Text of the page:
Albanians Prepare for 'Peaceful' Poll

Albanians preparing to go to the polls this Sunday are greatly relieved they have avoided the violence of past elections

Albanians Prepare for 'Peaceful' Poll

Albanians preparing to go to the polls this Sunday are greatly relieved they have avoided the violence of past elections

Friday, 22 June, 2001

There's a joke doing the rounds here. While Israelis and Palestinians kill each other their leaders still meet and shake hands. In Albania, the leaders of the two main political parties won't even share the same platform.


The media vainly struggled to get Fatos Nano, the leader of the Socialist Party, SPA, and Democratic Party, DPA, chief Sali Berisha together ahead of the June 24 elections.


In theory, the two leaders are open to the idea of some sort of exchange of views, but have been vehemently opposed to face-to-face meetings. So far, the furthest the leaders were willing to go was to appear together on Voice of America on June 20, although they refused to share the same studio.


But disagreements between Nano and Berisha have been the exception. The election campaign has been largely free of incident.


Which is good news for people who well remember the violence which accompanied the 1997 elections. For much of the last four weeks, Albanians have been keeping their fingers crossed, hoping that this one passes without violence.


Apart from the odd skirmish, it seems that their wishes have been heeded. From the outset of this election, the two main political parties have organised uneventful rallies in different parts of downtown Tirana. And potentially explosive outdoor gatherings have also passed off peacefully.


Gone is the apprehension on the streets, the boarded up windows, the no-go areas, which were part and parcel of elections four years ago. People have been enjoying the hot summer days and nights largely oblivious to the electioneering. "There's a rally? Who cares?" said shop-owner Algert Bajrami. "Good weather is more important to people than politics."


Even Skenderbeg Square, scene of so many of the rallies which ended up in fights between campaigners, opponents and police over the past decade, is just another sun-drenched piazza with children playing and people out for a stroll.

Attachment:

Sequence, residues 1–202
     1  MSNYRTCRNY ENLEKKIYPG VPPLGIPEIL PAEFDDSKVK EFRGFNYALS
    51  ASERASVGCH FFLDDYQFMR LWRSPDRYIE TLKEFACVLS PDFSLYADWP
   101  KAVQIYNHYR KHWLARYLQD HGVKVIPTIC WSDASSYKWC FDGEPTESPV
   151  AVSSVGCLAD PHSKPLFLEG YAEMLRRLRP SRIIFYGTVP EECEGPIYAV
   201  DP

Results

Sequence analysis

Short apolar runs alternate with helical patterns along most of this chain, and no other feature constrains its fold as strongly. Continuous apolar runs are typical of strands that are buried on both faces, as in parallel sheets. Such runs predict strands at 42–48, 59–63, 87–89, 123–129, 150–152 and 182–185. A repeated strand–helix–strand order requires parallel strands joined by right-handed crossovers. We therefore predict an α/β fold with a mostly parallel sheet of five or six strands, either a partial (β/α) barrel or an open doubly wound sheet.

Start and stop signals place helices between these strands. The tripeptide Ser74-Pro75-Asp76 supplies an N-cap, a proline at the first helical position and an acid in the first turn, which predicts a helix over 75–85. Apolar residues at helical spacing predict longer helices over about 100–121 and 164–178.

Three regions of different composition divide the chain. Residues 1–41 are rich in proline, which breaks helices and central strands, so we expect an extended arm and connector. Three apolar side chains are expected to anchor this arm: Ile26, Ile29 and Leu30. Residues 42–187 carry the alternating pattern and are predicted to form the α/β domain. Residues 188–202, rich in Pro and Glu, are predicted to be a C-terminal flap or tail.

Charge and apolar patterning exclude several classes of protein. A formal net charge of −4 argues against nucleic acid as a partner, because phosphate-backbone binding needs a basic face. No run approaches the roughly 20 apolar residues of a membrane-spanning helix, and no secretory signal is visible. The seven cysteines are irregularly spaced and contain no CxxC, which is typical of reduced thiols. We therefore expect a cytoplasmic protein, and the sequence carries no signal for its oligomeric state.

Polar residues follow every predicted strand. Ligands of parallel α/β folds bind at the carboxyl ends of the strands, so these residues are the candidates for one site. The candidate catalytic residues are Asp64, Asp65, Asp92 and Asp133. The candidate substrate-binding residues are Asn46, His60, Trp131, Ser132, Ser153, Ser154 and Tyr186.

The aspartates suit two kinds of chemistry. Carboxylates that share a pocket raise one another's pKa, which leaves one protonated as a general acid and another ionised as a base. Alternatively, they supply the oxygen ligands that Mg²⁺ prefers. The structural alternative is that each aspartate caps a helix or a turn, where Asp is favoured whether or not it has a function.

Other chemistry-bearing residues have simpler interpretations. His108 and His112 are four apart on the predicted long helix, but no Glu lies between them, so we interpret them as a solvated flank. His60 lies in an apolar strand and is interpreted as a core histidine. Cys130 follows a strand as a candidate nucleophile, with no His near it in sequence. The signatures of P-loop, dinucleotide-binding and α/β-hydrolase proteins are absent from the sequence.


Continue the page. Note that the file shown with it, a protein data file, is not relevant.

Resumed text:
This time around, political parties are paying more attention to the quality of their campaigning styles, putting more money and effort into presentation of policies - however unrealistic.


The SPA has been campaigning hard on winning the support of younger Albanians. Nano and Prime Minister Ilir Meta are focussing on their record in office, how much progress the country has made in the past four years, especially in revitalising the country's infrastructure.


The Democrats, on the other hand, are trying to attract votes by offering tax cuts, salary increases and pledging to rid the country of poverty. 'For a New Start' is the Democrats' campaign slogan.


Party slogans feature prominently on campaign posters estimated to have cost both parties around seven million US dollars. "If your heart's on the Left, vote for the SPA," declares one, "Bush, Berlusconi and Berisha equal the Union for Victory," reads another.


The country's top pop and folk singers have also come out in force, committing themselves to the various parties. "I have always stated that my political convictions are to the Right," said well-known pop singer Aleksander Gjoka, pledging support for the DPA.


Notwithstanding the general bonhomie of the glitzy rallies and concerts, there have been some echoes of past violence. "Politics returns to its roots," ran the daily Albania's front page after clashes at Socialist rallies in Kavaja and Mamurras. Police, all too aware how things might have developed, reacted nervously, charged in, batons flailing.


The opposition, meanwhile, are claiming that scores of its supporters have been detained during the campaign.


But the head of the OSCE's election monitoring mission, ODIHR, Gerard Stoudman says the campaign has been a marked improvement on the build-up to the October local elections.


Nevertheless, says Stoudman, only when the count is over can anyone be sure that the process has run smoothly.


He is specifically concerned that Socialists and Democrats might seek to boost their share of the vote by disguising themselves as independent candidates. "Independence means that you're independent of political parties - you cannot be half or even a little independent," said the ODIHR director.


Otherwise, it appears that voting day will be calm with a good turn out anticipated.There is even hope that, whatever the result, the loser will concede gracefully.


Llazar Semini is IWPR Project Editor in Albania.


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